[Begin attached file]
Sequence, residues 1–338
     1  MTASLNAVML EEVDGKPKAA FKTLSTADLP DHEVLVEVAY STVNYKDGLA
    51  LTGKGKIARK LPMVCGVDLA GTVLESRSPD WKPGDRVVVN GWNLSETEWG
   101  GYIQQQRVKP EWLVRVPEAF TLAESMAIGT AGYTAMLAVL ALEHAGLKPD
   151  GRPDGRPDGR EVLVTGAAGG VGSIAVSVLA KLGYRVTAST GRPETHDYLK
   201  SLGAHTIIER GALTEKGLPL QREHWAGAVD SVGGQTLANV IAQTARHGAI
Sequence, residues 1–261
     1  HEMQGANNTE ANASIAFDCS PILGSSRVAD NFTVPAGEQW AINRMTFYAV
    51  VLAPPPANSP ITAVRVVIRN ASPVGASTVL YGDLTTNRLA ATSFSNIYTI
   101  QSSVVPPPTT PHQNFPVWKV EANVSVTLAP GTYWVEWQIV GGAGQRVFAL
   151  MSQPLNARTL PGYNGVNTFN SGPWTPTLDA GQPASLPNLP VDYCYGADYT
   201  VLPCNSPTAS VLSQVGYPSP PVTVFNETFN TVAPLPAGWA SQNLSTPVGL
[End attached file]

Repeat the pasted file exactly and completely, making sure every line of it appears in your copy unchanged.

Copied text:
Sequence, residues 1–338
     1  MTASLNAVML EEVDGKPKAA FKTLSTADLP DHEVLVEVAY STVNYKDGLA
    51  LTGKGKIARK LPMVCGVDLA GTVLESRSPD WKPGDRVVVN GWNLSETEWG
   101  GYIQQQRVKP EWLVRVPEAF TLAESMAIGT AGYTAMLAVL ALEHAGLKPD
   151  GRPDGRPDGR EVLVTGAAGG VGSIAVSVLA KLGYRVTAST GRPETHDYLK
   201  SLGAHTIIER GALTEKGLPL QREHWAGAVD SVGGQTLANV IAQTARHGAI
Sequence, residues 1–261
     1  HEMQGANNTE ANASIAFDCS PILGSSRVAD NFTVPAGEQW AINRMTFYAV
    51  VLAPPPANSP ITAVRVVIRN ASPVGASTVL YGDLTTNRLA ATSFSNIYTI
   101  QSSVVPPPTT PHQNFPVWKV EANVSVTLAP GTYWVEWQIV GGAGQRVFAL
   151  MSQPLNARTL PGYNGVNTFN SGPWTPTLDA GQPASLPNLP VDYCYGADYT
   201  VLPCNSPTAS VLSQVGYPSP PVTVFNETFN TVAPLPAGWA SQNLSTPVGL